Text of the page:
Sophia Finster, marketing student
January 27, 2016
Laura Schwager

Whether it’s a dance performance or a business proposal, Sophia Finster’s compassion for the environment underlies everything she’s involved in at the University of Iowa.

Finster came to the UI three years ago to be part of the prestigious Department of Dance, which is ranked among the top 10 in the nation and relatively close to her hometown of Madison, Wisconsin. 

“My main interest was to major in dance and then move to New York or L.A. and dance somewhere,” says Finster.

But her agenda began to change sophomore year. She took a break from dancing for the first time in 17 years and chose to study marketing at the Henry B. Tippie College of Business. One of her primary classes was Introduction to Marketing, with Professor Dave Collins, who teaches students to incorporate sustainability into their future business practices. 

“[His teaching] stood out to me because I had those values, but they hadn’t really been nurtured in an academic setting before," she says.

Finster was inspired to pursue her Certificate in Sustainability, a 24-semester-hour program that encompasses human health, climate, energy, ethics, and the environment. She also reached out to various on-campus organizations, including Net Impact, Eco Hawks, Student Gardeners, and KRUI’s Round River Radio, firmly planting herself in the flourishing community of environmental advocates.

During her junior year, Finster got involved with The Climate Narrative Project, an initiative that explores different ways of communicating the issues of climate change via  self-directed, semester-long artistic endeavors. The project is a collaboration between American Book Award winner and writer-in-residence Jeff Biggers and the UI Office of Sustainability.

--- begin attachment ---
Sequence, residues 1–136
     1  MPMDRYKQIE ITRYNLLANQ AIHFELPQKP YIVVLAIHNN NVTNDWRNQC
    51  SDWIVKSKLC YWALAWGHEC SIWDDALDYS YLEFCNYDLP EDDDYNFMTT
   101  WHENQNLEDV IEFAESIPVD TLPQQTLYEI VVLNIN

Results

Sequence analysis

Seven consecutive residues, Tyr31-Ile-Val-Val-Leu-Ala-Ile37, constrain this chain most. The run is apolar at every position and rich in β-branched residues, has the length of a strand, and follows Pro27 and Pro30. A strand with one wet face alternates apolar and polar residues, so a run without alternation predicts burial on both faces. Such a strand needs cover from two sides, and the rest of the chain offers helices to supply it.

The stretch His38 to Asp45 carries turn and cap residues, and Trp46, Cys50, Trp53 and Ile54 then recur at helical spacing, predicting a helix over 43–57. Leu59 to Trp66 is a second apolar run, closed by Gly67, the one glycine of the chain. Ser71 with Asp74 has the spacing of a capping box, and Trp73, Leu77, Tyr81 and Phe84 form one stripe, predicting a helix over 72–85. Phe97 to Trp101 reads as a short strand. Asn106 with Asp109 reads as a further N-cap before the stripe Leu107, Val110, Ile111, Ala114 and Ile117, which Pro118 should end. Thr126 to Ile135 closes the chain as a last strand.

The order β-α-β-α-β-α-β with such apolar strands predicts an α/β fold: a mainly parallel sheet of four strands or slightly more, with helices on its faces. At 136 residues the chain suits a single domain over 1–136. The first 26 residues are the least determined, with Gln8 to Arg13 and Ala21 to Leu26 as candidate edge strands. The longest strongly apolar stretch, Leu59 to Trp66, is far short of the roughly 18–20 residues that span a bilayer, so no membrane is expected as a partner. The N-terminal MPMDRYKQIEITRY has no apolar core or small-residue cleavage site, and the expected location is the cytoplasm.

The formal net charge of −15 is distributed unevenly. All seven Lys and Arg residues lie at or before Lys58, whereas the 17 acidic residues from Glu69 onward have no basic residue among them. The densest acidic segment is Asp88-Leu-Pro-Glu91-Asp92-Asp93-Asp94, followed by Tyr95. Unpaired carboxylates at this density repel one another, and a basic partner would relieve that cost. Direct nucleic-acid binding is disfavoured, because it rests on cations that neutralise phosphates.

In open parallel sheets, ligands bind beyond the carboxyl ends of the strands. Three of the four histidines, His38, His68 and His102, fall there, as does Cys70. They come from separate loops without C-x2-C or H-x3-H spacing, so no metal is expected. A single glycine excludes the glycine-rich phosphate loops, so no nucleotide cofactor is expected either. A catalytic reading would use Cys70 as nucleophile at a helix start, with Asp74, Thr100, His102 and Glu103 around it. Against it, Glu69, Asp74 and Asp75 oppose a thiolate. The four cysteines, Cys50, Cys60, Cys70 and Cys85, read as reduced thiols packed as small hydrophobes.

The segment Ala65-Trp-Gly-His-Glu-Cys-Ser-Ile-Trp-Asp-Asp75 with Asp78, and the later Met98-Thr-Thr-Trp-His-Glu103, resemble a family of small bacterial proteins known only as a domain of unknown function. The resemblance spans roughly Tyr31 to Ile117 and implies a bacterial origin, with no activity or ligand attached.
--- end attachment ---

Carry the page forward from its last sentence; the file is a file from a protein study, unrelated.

Finster says the challenging, semester-long fellowship made her realize “the power that dance has to get people to feel things and to communicate ideas.” Now, dance is one of a host of techniques she uses in her activism.

To achieve this communication, Finster often incorporates visuals or props—such as plastic bags and paper towels—into her performances, notably in an improvised performance for her Art and Ecology class, in order to call attention to "people's relationship with stuff."

"When the audience can feel the movement and emotion that dance brings to ideas like environmental issues, the experience can be a lot more dynamic than, say, reading an article," she says.

Her activism now stretches campus-wide. The Education Change Committee that she oversees is restructuring class material, specifically in the Tippie College of Business, to include sustainability principles. 

“Sustainability is not a burden—it’s an exciting thing. If we provide the opportunity for people to get educated on this, it’s going to be a competitive advantage for the college, just like it’s a competitive advantage for all businesses," she says.

After graduation in May, Finster will use the connections she's made on and off campus to continue pursuing sustainable business endeavors. She's been able to network with both local and national environmental leaders. Many, like Kevin Wilhelm, founder of Sustainable Business Consulting, have inspired Finster, and she’s eager to dedicate herself to this growing community of environmental pioneers full time.

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